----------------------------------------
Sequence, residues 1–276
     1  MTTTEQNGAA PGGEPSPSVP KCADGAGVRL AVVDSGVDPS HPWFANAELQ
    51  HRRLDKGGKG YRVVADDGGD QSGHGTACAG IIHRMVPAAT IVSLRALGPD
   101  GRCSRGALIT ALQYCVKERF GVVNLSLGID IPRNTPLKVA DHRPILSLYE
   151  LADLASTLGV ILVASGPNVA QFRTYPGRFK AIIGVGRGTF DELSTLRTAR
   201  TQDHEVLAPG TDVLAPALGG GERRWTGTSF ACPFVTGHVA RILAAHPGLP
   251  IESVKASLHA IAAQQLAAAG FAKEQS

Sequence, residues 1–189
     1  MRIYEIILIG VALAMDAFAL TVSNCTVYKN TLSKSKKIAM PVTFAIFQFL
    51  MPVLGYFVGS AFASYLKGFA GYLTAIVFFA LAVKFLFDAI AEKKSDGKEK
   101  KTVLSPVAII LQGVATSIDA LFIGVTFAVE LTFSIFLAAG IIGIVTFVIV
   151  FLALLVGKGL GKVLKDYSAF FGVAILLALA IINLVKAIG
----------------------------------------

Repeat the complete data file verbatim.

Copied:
Sequence, residues 1–276
     1  MTTTEQNGAA PGGEPSPSVP KCADGAGVRL AVVDSGVDPS HPWFANAELQ
    51  HRRLDKGGKG YRVVADDGGD QSGHGTACAG IIHRMVPAAT IVSLRALGPD
   101  GRCSRGALIT ALQYCVKERF GVVNLSLGID IPRNTPLKVA DHRPILSLYE
   151  LADLASTLGV ILVASGPNVA QFRTYPGRFK AIIGVGRGTF DELSTLRTAR
   201  TQDHEVLAPG TDVLAPALGG GERRWTGTSF ACPFVTGHVA RILAAHPGLP
   251  IESVKASLHA IAAQQLAAAG FAKEQS

Sequence, residues 1–189
     1  MRIYEIILIG VALAMDAFAL TVSNCTVYKN TLSKSKKIAM PVTFAIFQFL
    51  MPVLGYFVGS AFASYLKGFA GYLTAIVFFA LAVKFLFDAI AEKKSDGKEK
   101  KTVLSPVAII LQGVATSIDA LFIGVTFAVE LTFSIFLAAG IIGIVTFVIV
   151  FLALLVGKGL GKVLKDYSAF FGVAILLALA IINLVKAIG